Well said Malcolm Turnbull (conservative LNP politician):
“….he has strongly attacked the narrow focus of Parliament question time, urging that the prime minister only appear on some days, leaving ministers to be probed on a wider range of issues.
Advertisement ”For the last two years the questions from the opposition have been almost entirely focused on people smuggling and the carbon tax. Are they really the only important issues facing Australia?” he said.”
“Many if not most Australians believed important issues were being overlooked or routinely misrepresented. All too often the system rewarded spin, exaggeration and misstatements, Mr Turnbull said. He instanced the ”hopeless, confused, hyper-partisan nature” of the climate change debate. In 2010 Mr Turnbull crossed the floor to vote in support of Labor’s emissions trading scheme….”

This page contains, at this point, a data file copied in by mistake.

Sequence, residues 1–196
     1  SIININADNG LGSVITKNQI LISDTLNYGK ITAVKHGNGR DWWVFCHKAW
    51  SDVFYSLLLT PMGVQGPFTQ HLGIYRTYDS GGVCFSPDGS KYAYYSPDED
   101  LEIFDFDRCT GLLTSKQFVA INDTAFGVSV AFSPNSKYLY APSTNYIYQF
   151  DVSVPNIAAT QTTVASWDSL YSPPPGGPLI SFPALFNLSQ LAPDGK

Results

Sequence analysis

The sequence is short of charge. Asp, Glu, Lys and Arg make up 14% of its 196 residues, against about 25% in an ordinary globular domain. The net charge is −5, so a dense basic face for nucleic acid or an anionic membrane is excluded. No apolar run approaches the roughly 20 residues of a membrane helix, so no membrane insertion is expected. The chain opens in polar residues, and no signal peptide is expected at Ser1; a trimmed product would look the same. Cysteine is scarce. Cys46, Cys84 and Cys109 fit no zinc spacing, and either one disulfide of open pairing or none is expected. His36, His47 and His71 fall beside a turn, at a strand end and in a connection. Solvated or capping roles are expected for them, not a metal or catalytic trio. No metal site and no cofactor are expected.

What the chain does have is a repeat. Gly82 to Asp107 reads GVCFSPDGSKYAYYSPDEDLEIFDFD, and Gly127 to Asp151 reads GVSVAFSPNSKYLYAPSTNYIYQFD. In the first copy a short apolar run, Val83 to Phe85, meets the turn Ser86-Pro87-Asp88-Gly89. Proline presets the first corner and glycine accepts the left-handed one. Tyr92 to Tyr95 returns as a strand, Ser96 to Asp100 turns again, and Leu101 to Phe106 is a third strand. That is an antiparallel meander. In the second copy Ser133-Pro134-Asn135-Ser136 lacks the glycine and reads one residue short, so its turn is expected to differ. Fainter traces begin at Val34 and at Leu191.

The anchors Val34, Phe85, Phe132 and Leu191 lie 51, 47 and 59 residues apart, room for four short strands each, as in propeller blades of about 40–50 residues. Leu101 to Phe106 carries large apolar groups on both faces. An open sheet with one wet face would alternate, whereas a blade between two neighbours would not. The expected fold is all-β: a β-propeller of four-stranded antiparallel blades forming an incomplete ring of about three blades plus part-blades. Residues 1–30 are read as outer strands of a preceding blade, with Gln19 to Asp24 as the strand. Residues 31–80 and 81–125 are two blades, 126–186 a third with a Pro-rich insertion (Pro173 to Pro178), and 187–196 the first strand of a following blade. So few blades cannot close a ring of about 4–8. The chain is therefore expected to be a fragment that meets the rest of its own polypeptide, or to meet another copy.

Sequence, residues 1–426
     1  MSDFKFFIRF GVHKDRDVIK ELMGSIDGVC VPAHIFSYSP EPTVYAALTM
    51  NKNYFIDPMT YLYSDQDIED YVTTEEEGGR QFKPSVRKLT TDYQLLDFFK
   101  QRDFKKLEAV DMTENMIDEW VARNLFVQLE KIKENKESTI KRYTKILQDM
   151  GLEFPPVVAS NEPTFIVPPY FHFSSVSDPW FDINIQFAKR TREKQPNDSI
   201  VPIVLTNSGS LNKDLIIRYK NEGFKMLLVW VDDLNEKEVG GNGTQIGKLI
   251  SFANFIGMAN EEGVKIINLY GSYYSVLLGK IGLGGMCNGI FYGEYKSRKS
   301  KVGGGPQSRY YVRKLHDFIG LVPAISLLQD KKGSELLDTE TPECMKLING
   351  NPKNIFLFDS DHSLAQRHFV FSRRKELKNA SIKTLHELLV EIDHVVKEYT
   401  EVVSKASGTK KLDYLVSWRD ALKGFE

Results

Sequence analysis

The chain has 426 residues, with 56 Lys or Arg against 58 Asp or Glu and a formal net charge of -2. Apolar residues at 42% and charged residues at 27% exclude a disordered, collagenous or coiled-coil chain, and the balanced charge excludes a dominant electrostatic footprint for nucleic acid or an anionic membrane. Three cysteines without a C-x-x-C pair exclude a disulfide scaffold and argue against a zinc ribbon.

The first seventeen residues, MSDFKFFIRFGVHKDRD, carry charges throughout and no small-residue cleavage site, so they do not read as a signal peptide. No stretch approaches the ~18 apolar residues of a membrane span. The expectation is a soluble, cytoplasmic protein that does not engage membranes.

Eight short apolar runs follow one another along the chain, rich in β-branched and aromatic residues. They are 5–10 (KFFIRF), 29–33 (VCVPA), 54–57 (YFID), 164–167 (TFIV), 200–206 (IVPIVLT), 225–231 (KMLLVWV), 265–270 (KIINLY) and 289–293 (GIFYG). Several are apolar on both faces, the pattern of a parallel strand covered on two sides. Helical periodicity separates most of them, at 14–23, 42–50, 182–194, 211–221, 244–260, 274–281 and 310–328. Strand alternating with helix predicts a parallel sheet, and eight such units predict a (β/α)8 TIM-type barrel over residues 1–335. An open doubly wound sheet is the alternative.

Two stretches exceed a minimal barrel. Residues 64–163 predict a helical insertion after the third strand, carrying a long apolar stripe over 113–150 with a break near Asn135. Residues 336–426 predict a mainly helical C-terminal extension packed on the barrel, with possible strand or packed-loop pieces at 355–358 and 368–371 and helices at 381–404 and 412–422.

One wonders what both progressives (ALP, Green) and conservatives (LNP) could achieve if they – for but a moment even – put aside partisan sniping and look to the future.
The future of my daughter.
Climate change transcends all political divisions: we need all sides of politics to work through the challenge. The role of conservatives could be invaluable in debating:
- what is the extent of government intervention?
- what is the appropriate level of regulation for markets?
- what about the individuals rights?
All of these are vital questions not being addressed – indeed, these questions are grounds for a rich and rewarding debate.
I have a dream: that climate change brings out the best of our species. That the collective opinions and voices of conservatives, centrists and progressives unite to tackle the problem.
I want that discussion and debate.
Instead we have….
Well, we all know what we have.